Over the past couple of years I’ve visited several courtrooms at the McHenry County Government Center. While I’ll admit to some slight hearing loss [perhaps due to too many visits to the pistol range and too much (well, not too much) motorcycle riding], I find it hard to hear what is being said at the bench by the lawyers, plaintiffs and defendants, and by the judges.
Why do they mumble and speak in hushed tones? Isn’t the courtroom a place where justice is to be served (and where interested parties and other visitors should be able to hear the proceedings)?
If you can’t hear what’s being said (because of the mumbling), how does one really know that justice is being served?
On more than one occasion I have asked the bailiff to give a note to the judge to ask all to speak up. One time it worked. The other times? Nothing. No change. I’ve even gone to the office of Court Administration to leave a request for the Presiding Judge. And I’ve written to Court Administration. Former Judge Ward Arnold did respond positively that anyone in court should be able to hear the proceedings. I guess it's time to write to Judge Prather.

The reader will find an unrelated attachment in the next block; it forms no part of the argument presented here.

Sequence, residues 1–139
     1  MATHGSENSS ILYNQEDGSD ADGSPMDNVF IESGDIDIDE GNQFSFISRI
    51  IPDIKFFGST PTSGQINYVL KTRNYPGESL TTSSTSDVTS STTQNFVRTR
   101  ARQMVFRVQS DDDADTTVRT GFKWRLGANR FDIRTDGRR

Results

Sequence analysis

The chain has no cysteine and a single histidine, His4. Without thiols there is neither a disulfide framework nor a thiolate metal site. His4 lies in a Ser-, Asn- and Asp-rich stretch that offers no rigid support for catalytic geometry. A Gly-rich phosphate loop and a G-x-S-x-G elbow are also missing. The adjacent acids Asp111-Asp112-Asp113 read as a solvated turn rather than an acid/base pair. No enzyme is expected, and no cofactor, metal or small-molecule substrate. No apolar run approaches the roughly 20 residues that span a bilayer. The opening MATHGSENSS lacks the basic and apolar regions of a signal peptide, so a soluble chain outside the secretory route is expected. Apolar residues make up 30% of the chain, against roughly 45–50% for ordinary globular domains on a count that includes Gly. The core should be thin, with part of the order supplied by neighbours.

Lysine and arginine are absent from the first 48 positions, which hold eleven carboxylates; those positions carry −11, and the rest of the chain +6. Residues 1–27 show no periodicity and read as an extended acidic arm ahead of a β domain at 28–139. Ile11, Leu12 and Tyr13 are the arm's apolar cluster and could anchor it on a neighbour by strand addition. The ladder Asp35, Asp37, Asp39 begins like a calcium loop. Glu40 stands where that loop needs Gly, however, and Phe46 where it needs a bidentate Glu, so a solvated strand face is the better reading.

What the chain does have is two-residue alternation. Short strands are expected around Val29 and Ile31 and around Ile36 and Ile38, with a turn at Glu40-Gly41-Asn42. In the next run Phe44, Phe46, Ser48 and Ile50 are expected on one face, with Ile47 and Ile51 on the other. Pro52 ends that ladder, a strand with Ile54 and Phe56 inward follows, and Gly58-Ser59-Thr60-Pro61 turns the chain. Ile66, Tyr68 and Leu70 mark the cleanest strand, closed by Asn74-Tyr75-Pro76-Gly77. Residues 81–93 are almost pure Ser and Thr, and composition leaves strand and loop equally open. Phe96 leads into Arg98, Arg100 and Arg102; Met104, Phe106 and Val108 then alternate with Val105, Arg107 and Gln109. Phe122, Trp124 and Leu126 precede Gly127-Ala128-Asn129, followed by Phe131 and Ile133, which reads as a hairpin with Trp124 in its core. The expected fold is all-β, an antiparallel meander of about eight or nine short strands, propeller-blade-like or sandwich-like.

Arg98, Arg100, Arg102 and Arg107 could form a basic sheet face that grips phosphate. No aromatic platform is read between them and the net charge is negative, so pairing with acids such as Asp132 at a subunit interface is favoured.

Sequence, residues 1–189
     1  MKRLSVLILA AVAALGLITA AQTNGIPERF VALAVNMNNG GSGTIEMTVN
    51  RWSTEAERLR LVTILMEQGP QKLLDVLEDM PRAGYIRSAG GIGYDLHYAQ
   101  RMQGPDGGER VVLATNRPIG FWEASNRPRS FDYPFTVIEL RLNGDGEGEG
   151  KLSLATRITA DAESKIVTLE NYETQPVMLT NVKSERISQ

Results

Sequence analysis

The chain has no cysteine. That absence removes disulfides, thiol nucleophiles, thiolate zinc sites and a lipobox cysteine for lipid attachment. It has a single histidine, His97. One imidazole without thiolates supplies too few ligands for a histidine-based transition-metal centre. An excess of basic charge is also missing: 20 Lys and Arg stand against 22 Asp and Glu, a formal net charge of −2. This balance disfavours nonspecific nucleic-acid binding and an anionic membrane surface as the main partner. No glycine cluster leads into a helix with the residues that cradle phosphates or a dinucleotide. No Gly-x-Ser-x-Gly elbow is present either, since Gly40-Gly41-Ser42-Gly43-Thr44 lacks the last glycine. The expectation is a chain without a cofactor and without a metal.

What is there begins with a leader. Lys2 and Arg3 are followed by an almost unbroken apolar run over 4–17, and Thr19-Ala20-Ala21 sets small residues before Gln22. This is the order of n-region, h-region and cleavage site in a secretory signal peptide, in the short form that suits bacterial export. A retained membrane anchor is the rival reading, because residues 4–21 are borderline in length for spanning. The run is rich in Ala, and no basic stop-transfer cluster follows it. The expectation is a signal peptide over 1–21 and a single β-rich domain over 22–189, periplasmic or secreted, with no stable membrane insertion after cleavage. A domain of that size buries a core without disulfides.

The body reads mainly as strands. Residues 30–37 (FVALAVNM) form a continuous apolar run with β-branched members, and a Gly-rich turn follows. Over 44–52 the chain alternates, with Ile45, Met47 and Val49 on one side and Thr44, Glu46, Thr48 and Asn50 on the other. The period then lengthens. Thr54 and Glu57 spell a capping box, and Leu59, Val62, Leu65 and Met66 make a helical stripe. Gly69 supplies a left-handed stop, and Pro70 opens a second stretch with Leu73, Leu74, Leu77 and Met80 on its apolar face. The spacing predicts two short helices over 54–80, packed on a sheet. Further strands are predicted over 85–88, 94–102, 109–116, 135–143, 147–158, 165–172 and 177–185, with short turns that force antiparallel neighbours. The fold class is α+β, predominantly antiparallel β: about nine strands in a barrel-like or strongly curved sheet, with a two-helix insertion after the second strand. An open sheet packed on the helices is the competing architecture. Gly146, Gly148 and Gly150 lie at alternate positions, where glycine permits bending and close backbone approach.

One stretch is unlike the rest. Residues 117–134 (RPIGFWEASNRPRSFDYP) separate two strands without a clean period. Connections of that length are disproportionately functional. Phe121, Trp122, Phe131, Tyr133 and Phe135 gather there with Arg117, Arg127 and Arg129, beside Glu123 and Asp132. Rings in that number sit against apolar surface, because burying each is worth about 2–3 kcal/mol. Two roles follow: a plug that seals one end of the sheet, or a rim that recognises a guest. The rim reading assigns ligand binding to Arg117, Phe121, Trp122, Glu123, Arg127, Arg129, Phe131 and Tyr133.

An attorney overheard my request in court one day and volunteered that the public does not have the “right” to hear what’s going on in a courtroom. That might be true in Iran, but I don’t believe it’s true in the USA.
Anyone in the courtroom can see the microphones right on the bench. Are they just decorative? The sound system must be turned off or turned down.
The attorneys who wish to hold conversations at the lawyers’ tables, which are unrelated to the matter being heard, should step outside to speak to one another. Why are they permitted to talk but others in the courtroom cannot? All should respect the judge’s court.
Next time you are in court, ask the judge or the bailiff to have all parties speak up. And to quiet the attorneys who believe they can stand near the seating area and carry on conversations. See what response you get. I hope it’s better than mine!